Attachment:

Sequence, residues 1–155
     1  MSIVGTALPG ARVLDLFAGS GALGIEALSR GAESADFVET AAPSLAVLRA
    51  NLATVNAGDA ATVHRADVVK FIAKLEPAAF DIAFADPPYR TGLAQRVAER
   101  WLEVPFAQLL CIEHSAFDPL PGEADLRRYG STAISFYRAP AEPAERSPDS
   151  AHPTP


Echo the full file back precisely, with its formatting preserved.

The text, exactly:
Sequence, residues 1–155
     1  MSIVGTALPG ARVLDLFAGS GALGIEALSR GAESADFVET AAPSLAVLRA
    51  NLATVNAGDA ATVHRADVVK FIAKLEPAAF DIAFADPPYR TGLAQRVAER
   101  WLEVPFAQLL CIEHSAFDPL PGEADLRRYG STAISFYRAP AEPAERSPDS
   151  AHPTP